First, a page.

Hidden Flowers

“Hidden Flowers”, a copyrighted post, was written for my WordPress blog called Always Growing by Jan in Covington, Louisiana 


Whenever I have grown a plant that has a flower that is described as being inconspicuous or blooms only if the conditions are right, it usually does not flower at all.  So, I was really surprised when watering the garden today, suddenly I noticed some spots of yellow at the base of one of the plants that has been in the garden at least three or four years.  My sister put in a pond about six years ago, and one of the plants that went in the surrounding garden was palm grass (curculigo capatilata).  When it was large enough to divide, she generously gave me some.  This is supposed to be hardy only in zones 10 and 11, but it has survived well here in zone 8b.  It even survived the great snow of December 12th.  A few of the leaves will get nipped back in the winter, but it has done well so far.  It has broad leaves that are pleated lengthwise, prefers light shade and moist soil.  A very attractive plant.


Palm Grass (redu)


The flowers are at the base of the plant and are supposed to be rarely seen, but they were seen today in my garden.  They are small, waxy, bright yellow almost daisy-like flowers clustered where they could be easily missed.


Palm Grass Flower Cluster (redu)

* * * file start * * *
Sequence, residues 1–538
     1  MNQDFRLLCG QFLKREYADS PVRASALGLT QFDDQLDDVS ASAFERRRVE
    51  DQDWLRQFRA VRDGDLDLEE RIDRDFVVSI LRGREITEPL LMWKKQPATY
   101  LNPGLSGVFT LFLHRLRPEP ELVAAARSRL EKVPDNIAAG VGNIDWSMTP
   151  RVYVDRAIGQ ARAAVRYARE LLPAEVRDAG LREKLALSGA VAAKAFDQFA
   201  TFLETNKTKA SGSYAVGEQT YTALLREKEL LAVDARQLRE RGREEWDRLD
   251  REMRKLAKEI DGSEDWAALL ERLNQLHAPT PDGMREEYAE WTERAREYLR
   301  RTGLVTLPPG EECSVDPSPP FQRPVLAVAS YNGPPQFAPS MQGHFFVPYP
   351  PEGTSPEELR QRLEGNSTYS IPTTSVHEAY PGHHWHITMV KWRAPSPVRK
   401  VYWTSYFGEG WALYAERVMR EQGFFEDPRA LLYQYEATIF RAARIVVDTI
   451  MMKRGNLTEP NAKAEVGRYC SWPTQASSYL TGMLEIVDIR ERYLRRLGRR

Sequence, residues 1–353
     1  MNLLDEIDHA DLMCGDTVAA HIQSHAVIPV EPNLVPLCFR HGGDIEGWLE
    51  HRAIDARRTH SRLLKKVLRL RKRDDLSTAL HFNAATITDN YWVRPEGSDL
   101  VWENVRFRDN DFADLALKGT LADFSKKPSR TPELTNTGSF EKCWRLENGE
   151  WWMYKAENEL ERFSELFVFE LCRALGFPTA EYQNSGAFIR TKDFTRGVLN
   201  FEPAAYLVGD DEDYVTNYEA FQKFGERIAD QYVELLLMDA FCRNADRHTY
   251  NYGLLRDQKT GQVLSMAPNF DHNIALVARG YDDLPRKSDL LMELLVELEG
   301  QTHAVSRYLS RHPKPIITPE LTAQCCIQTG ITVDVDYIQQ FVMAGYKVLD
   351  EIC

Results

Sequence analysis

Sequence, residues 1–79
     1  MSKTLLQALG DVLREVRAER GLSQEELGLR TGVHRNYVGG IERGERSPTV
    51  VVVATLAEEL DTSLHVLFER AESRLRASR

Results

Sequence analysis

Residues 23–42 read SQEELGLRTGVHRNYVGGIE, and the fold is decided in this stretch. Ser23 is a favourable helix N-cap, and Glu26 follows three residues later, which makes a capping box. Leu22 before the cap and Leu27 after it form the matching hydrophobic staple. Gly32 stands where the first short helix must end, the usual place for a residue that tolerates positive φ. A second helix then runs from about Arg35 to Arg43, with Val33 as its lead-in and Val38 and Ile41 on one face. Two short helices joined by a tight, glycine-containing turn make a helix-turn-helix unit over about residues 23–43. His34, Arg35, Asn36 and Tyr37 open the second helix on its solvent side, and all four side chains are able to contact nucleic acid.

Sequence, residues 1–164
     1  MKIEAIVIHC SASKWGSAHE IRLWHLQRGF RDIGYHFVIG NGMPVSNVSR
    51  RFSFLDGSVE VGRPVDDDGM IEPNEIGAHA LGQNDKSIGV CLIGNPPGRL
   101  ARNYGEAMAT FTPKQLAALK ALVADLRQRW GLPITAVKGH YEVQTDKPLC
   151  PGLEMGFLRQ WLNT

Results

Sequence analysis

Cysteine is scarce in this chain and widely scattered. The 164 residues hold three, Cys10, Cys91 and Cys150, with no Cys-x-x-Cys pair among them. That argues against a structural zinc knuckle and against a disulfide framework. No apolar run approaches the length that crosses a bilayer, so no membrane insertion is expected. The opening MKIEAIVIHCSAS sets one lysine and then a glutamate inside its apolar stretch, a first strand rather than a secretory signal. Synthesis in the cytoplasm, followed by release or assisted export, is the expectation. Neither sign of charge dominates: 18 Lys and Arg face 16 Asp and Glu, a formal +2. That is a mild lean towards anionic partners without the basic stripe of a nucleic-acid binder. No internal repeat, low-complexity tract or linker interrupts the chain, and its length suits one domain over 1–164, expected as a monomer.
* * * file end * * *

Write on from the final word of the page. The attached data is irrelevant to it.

Palm Grass Flower (redu)


Makes you wonder what would pollinate a flower so well hidden, and why does it even have flowers when it is propagated by divisions?   While the leaves of this plant do resemble a palm seedling (hence, the name), I was surprised to find out it is related to the amaryllis family.

So, just when I thought I knew everything about the plants in my garden, one surprised me by having flowers I have never seen before.  I guess it is the unexpected showing up that makes gardening fun.




  1. Janet said,

    May 29, 2009 at 5:05 am

    Interesting Jan. I think when blooms are ‘hidden’ from us, they must be such that the pollinator can see (color) or smell the bloom….maybe insignificant to us– the scent could be over powering to a bee or a moth or a fly.

    • Jan said,

      May 29, 2009 at 10:37 am

      Janet, I read just yesterday that palm grass flowers may be pollinated by a nocturnal mouse in its native habitat. That would explain the flower cluster’s short stature. I guess Mother Nature knows best.

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